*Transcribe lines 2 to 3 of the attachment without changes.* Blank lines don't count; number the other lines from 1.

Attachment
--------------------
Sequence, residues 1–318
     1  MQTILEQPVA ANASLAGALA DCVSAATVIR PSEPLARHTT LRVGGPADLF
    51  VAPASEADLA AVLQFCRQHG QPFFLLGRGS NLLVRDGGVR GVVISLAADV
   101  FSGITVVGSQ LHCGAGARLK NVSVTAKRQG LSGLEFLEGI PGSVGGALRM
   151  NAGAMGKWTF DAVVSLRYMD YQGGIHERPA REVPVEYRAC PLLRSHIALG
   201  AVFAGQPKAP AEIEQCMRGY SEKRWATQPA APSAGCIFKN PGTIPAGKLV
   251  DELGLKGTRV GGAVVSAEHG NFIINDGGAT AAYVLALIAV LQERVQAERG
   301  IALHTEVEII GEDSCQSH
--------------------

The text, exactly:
     1  MQTILEQPVA ANASLAGALA DCVSAATVIR PSEPLARHTT LRVGGPADLF
    51  VAPASEADLA AVLQFCRQHG QPFFLLGRGS NLLVRDGGVR GVVISLAADV